"A demonstration of what a historiography informed by anthropology might look like. Moving easily between concrete cases and general principles, Sahlins makes a compelling argument that there is no history without culture, and vice versa. . . . As a classicist who has benefited from Sahlins's previous work, I appreciate this view of Greek history through an anthropologist's eyes. More generally, this book is a paradigm of how history and anthropology might be brought together, to the mutual enrichment of both disciplines."
"This is an important book, and a remarkable one too. It is definitely an important moment of modern reception of Thucydides outside the constituency of classicists; it is a bold and analogical study of ancient and modern history with an anthropological approach. . . . Students of classical antiquity are likely to find the whole book interesting in various respects."
"A challenging demonstration of the work of culture--unrelenting in criticism of abstractionism, binarism, and reductionism--and a passionate statement in defense of rigorously analytical, comparative and historically sensitive ethnography that explains the particular in a way which resonates with immediate and general significance. Here Sahlins critically synthesizes major lines of thought in his own discipline--approaches in which he has often taken a leading role--and pushes towards new horizons of understanding. Just when all seemed lost, Sahlins has hit a home run not just for anthropology but for the social sciences generally. This is his best yet."
"Let us embark with Marshall Sahlins on a fascinating journey. In a truly comparative and contrastive method, Sahlins maps the territory between critical history and reflexive anthropology."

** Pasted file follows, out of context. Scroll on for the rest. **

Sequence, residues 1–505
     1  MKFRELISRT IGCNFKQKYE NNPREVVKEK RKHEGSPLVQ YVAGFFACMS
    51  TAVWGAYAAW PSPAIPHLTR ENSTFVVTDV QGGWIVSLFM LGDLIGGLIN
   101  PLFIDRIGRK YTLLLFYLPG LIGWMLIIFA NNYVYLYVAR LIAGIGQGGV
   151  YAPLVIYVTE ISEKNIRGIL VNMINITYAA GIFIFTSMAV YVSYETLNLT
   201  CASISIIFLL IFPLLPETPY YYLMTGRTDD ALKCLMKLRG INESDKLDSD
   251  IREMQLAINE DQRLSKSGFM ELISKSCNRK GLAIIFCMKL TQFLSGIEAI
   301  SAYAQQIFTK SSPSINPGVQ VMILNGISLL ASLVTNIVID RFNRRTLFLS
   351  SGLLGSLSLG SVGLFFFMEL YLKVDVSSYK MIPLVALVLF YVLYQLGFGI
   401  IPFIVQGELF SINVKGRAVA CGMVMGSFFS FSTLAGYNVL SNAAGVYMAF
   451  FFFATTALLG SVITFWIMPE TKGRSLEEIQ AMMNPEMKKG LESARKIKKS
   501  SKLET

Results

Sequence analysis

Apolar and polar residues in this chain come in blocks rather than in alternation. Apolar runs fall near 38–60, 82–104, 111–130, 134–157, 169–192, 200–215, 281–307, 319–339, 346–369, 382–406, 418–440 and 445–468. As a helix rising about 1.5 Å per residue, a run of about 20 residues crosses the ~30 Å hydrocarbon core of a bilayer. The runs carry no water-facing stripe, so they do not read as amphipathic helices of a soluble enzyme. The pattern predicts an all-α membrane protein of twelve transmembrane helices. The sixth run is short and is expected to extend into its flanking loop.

"Brilliant analysis, freshly and amusingly put--this is the work of a master at his best. Marshall Sahlins should apologize to Thucydides, who will never be the same for readers of this intelligent and irreverent study of how history has been constructed over the last two millennia. Squaring the circle of the individual and the collective, history and culture, it is must-read stuff for historians, anthropologists, and, indeed, anyone wishing to know the truth about the Peloponnesian War or the Polynesian War, how the Giants won the National League pennant in 1951 or why Al Gore did not become president of the United States."
"A powerful statement on the enduring kinship of history and culture."
About the Author
Marshall Sahlins is the Charles F. Grey Distinguished Service Professor Emeritus at the University of Chicago. A member of the National Academy of Sciences and the British Academy, he is the author of many books, including Culture and Practical Reason, How “Natives” Think, Islands of History, and What Kinship Is—And Is Not, all published by the University of Chicago Press.
Table of Contents
List of illustrations
1. The Polynesian War: With Apologies to Thucydides
2. Culture and Agency in History
3. The Culture of an Assassination